Body hair in mammals is typically thought to have evolved to keep us warm in colder prehistoric times, but a new study suggests that it may do the opposite, at least in elephants. Epidermal hair may have evolved to help the animals keep cool in the hot regions they live in, according to new research published Oct 10 in the open access journal PLOS ONE by Conor Myhrvold and colleagues at Princeton University.
Though the idea that low surface densities of hair can help dissipate heat is a popular concept in engineering, the biological and evolutionary significance of sparse skin hair is not well known. The authors studied the effects of skin hair densities in Asian and African elephants on thermoregulation in these animals, and concluded that elephant skin hair significantly enhances their capacity to keep cool under different scenarios like higher daytime temperatures or less windy days.
Their research suggests that the dense body hair of furry animals helps with insulation, but as skin hair grows sparser, a tipping point is reached where, for animals such as elephants, skin hair begins to help release heat from the body rather than retain it.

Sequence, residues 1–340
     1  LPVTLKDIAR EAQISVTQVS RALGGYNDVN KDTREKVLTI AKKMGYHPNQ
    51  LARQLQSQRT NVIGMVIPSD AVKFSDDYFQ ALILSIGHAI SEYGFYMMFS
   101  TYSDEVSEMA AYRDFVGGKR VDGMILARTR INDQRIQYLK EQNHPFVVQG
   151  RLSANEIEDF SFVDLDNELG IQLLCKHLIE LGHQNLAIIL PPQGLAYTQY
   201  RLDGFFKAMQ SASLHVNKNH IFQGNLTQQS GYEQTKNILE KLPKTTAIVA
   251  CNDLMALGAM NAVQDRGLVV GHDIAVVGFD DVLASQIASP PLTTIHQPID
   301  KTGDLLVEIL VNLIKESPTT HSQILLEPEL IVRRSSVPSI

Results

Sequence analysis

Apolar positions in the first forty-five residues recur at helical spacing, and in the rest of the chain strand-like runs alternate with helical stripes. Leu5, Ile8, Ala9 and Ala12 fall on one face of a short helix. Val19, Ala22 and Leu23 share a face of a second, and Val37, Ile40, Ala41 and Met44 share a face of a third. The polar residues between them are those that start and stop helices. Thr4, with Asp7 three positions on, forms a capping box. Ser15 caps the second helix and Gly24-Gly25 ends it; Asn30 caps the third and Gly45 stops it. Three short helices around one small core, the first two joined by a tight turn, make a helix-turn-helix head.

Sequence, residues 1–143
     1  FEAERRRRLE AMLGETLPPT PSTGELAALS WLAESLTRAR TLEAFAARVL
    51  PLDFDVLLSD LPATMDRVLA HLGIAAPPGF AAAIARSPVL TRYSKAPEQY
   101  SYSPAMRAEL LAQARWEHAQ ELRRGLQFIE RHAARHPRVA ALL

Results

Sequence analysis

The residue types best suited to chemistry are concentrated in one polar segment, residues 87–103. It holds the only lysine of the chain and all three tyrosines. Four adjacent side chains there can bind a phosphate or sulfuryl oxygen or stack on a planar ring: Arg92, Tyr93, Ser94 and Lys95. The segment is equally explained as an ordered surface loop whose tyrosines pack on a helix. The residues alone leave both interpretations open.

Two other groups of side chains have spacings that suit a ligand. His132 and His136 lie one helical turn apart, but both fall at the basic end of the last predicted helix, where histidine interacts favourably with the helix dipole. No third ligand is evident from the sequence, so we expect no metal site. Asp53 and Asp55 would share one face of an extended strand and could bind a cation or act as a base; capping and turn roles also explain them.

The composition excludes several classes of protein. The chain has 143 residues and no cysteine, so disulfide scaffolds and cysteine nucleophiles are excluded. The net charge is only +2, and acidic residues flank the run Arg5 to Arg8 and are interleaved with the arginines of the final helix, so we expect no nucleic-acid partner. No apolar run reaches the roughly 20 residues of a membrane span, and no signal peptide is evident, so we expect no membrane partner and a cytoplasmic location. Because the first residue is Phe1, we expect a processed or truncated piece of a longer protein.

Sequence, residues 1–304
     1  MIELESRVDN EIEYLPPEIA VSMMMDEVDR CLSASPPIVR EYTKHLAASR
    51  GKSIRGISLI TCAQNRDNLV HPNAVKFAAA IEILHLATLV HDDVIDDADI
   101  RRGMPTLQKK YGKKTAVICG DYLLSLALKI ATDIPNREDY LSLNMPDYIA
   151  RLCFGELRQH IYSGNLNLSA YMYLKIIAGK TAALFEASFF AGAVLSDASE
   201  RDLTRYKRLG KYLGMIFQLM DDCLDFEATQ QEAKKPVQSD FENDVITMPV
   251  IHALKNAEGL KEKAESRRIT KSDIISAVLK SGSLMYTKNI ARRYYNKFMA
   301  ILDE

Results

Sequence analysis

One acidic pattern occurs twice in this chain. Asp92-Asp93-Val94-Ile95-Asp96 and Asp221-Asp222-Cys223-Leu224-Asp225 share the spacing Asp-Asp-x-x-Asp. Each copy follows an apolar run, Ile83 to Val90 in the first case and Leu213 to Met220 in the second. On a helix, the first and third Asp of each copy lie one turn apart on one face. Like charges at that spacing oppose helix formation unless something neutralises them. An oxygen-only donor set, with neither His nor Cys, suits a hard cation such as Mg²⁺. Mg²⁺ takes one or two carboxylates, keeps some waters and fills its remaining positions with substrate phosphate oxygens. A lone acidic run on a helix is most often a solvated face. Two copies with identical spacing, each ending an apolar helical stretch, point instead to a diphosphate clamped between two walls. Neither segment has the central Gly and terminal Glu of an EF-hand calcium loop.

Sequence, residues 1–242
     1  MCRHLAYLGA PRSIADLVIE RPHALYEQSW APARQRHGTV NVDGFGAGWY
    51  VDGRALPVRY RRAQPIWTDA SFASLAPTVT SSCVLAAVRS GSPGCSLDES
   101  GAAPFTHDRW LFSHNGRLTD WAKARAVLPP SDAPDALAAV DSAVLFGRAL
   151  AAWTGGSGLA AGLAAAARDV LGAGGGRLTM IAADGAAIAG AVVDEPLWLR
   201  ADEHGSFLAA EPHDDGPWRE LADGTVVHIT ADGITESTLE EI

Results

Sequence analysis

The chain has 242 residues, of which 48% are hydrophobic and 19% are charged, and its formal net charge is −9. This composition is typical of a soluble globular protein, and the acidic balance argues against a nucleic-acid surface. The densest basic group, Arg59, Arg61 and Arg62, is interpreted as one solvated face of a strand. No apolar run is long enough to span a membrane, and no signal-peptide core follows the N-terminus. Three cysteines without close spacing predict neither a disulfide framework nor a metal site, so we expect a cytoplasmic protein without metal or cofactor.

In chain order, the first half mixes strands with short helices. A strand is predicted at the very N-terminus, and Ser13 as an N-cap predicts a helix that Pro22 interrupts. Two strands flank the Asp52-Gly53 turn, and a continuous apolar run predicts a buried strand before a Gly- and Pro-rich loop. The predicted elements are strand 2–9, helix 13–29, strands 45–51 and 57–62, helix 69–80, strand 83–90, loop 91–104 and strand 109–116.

According to the authors, elephants have the greatest need for such heat loss to maintain a constant body temperature, since they are large terrestrial mammals that live in hot climates. Their results are the first to suggest that animal hairs could play a role in heat dissipation that could be beneficial to certain animals, like elephants. Elie Bou-Zeid, corresponding author on the study, says "Sparse hair increases heat dissipation from the skin of elephants and help the largest terrestrial mammal meet its thermoregulation needs."
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